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The Aisan Art Museum of San Francisco's Gala to celebrate the exhibit opening of "Maharajah: The Splendor Of India's Royal Courts"

A throwback to old-world style, Tatiana Sorokko’s presence is one of powerful allure and elegance. Her confidence and understated glamour commands attention, and her self-professed admiration for strong women undoubtedly plays a part in the many roles she juggles – wife, stepmother, writer, stylist, model, couture collector and museum curator.

Sorokko, Russia’s first world-renowned supermodel, had a rather unconventional upbringing. Her father was a nuclear physicist in communist Russia, and she was born and raised in Arzamas-16, a top-secret nuclear facility in the Soviet Union.

 “Trends are forgotten. I am never bothered by the latest and greatest.

Sorokko went on to study at the Moscow Institute of Physics and Technology, when she was discovered at age 18 by Parisian modeling agent Marilyn Gauthier, founder and CEO of Marilyn Agency.

The 5’11 blonde beauty set out for Paris to embark upon what became a long and illustrious modeling career. Sorokko has walked the runways of internationally recognized fashion houses such as Dior, Yves Saint Laurent and Calvin Klein. She’s modeled for luxe labels such as Prada, Vivienne Westwood, Chanel, Lanvin and Alexander McQueen. Further cementing her place as one of the modeling world’s greats, Sorokko has graced the covers of Harper’s Bazaar, Vogue, W and Elle, among others.

Since she first exploded on the high fashion scene, Sorokko has moved with her husband, Serge Sorokko, to California and currently resides in the San Francisco area.

Despite her role showcasing the fashion world’s latest trends, Sorokko’s love of history, style, and simple elegance have firmly established a classic and timeless aesthetic when it comes to her own sense of style.

“With fashion, it’s so important to create something timeless,” she said. “Trends are forgotten. I am never bothered by the latest and greatest.  I have a different personal style that goes against all of that.”

Sorokko’s everyday style is basic, but when she dresses for evening and special occasions, she mixes vintage, which she collects, with classically made pieces that express a sense of intellectual curiosity. She orders most of her evening clothes from designers and views fashion as a personal dialogue between herself and the designer.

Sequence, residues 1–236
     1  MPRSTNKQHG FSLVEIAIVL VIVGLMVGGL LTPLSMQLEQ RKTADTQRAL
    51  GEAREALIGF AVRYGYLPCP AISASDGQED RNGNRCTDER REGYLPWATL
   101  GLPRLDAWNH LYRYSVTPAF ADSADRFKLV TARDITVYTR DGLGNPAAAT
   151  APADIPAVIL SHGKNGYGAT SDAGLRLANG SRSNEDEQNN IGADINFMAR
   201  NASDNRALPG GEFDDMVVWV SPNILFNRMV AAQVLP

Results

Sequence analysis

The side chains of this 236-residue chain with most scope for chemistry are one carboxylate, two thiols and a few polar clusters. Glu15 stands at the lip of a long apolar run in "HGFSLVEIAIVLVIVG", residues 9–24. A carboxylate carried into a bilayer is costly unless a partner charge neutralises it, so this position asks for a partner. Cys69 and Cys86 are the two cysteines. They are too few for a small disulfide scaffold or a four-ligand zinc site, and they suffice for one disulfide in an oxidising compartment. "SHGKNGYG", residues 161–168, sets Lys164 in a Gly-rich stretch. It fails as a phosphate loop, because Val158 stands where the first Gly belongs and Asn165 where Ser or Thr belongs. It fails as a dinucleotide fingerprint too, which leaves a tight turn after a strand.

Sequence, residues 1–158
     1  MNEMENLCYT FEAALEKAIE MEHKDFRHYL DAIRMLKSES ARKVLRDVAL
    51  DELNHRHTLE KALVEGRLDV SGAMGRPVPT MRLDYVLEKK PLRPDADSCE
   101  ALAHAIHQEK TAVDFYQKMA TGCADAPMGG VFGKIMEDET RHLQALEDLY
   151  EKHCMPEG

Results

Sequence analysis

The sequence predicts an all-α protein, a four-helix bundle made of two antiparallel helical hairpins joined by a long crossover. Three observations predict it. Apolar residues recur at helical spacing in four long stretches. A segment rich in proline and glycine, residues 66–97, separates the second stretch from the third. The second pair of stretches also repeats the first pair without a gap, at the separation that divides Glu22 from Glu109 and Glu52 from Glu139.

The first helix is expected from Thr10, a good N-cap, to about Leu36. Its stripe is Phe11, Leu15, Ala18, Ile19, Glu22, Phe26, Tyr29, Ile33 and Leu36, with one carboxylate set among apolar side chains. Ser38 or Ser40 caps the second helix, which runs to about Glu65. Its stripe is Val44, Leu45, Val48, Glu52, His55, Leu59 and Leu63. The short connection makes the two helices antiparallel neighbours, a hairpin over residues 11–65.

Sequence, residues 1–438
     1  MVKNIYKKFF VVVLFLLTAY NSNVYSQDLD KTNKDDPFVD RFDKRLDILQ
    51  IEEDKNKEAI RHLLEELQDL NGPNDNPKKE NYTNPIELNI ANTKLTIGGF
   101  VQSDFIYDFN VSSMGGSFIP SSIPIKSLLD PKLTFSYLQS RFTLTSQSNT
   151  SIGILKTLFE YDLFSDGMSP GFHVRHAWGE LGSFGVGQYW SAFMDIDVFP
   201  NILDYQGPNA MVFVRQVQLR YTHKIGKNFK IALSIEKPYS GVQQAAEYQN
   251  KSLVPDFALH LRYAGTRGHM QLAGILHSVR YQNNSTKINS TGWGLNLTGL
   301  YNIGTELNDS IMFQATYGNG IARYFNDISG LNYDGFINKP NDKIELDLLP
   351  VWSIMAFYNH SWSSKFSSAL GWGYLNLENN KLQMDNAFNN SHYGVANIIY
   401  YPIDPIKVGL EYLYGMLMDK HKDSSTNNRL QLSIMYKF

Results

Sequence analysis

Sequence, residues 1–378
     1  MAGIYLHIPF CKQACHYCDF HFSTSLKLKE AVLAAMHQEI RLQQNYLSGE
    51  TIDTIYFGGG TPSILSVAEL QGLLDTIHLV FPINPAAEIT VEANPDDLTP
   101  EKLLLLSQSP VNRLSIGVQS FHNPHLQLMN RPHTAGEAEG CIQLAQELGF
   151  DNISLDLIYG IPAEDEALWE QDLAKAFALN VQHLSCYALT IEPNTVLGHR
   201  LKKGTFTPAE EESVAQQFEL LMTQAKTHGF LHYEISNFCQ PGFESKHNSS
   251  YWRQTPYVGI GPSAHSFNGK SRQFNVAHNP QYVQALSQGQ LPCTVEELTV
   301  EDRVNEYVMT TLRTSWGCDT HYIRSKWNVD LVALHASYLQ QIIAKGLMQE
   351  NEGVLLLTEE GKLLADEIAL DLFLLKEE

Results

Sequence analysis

In fact, Sorokko encourages all women to take such a personal stance when it comes to fashion and dressing.

“Every woman should truly understand her proportion and her size,” she said. “Style comes from understanding fashion and proportion, not following trends.  Fashion constantly changes and evolves, but it must be personal. Get comfortable with yourself. Being secure with oneself is the best fashion accessory.”

Sorokko is also one of the world’s most well known couture collectors and has been known to gift or loan her pieces to museums such as the Metropolitan Museum of Art in New York and the San Francisco’s California Palace of the Legion of Honor.

Apart from her role as a global fashion icon, Sorokko is co-owner of her husband’s eponymous Serge Sorokko Gallery, and is a contributing editor for Harpers Bazaar, a post she has held since 2005.

 Sorokko plans to continue to immortalize the world of fashion, producing and curating fashion-related exhibits, and wants to one day publish a book on American designers.

In addition to her passion for fashion, Sorokko has also discovered a talent for writing. As author of Telegram from Tatiana Sorokko, a popular monthly column of fashion and style commentary for the Russian edition of Vogue, she has interviewed international celebrities and covered a wide range of hot topics. In 2010, a lavish book, Extending the Runway: Tatiana Sorokko Style, showcased her personal collection of vintage and couture garments and accessories to coincide with her large-scale museum exhibition of the same name.

The Russian Fashion Museum honored Sorokko by opening with her exhibition, also titled Extending the Runway: Tatiana Sorokko Style. Soon after, her style installation debuted in the United States at the Phoenix Art Museum. Sorokko is now working to expand Extending the Runway into Canada and China.

Sorokko also works closely with the Russian Fashion Museum to curate important historical fashion exhibits. She is currently involved with producing a large-scale exhibition of flapper dresses from the 1920s.  She also is looking for opportunities to design costumes for period movies.

“When you show historical fashion, it is not about exhibiting a dress,” she said. “It’s about showing a period of history and how people relate through fashion and clothes to that history.”

Her philanthropic pursuits concentrate on world cultures. She is co-chair of the gala opening of  Maharaja: The Splendor of India’s Royal Court at the Asian Art Museum in San Francisco.  She is also closely involved with the Phoenix Art Museum.

Even with all of her tremendous accomplishments, Sorokko still manages to stay gracious and grounded, citing her greatest achievement to date as “being married for 20 years and being happy in my marriage.” She is equally as proud of her close relationship with her stepdaughter Katya.

As for what’s next for this always-fashionable Renaissance woman?

Sorokko plans to continue to immortalize the world of fashion, producing and curating fashion-related exhibits, and wants to one day publish a book on American designers.

“So many great American designers have not been acknowledged properly within the museum world and have not been published,” she said. “I think it’s really important to do so.”

We couldn’t think of anyone better to preserve designers’ legacies than a fashion legend herself.

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